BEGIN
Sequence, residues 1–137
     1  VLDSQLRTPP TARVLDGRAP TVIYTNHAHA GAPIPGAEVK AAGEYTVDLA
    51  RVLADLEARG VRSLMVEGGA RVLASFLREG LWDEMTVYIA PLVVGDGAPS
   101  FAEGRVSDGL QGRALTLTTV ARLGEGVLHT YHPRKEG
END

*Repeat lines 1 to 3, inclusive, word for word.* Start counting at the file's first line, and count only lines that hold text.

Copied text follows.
Sequence, residues 1–137
     1  VLDSQLRTPP TARVLDGRAP TVIYTNHAHA GAPIPGAEVK AAGEYTVDLA
    51  RVLADLEARG VRSLMVEGGA RVLASFLREG LWDEMTVYIA PLVVGDGAPS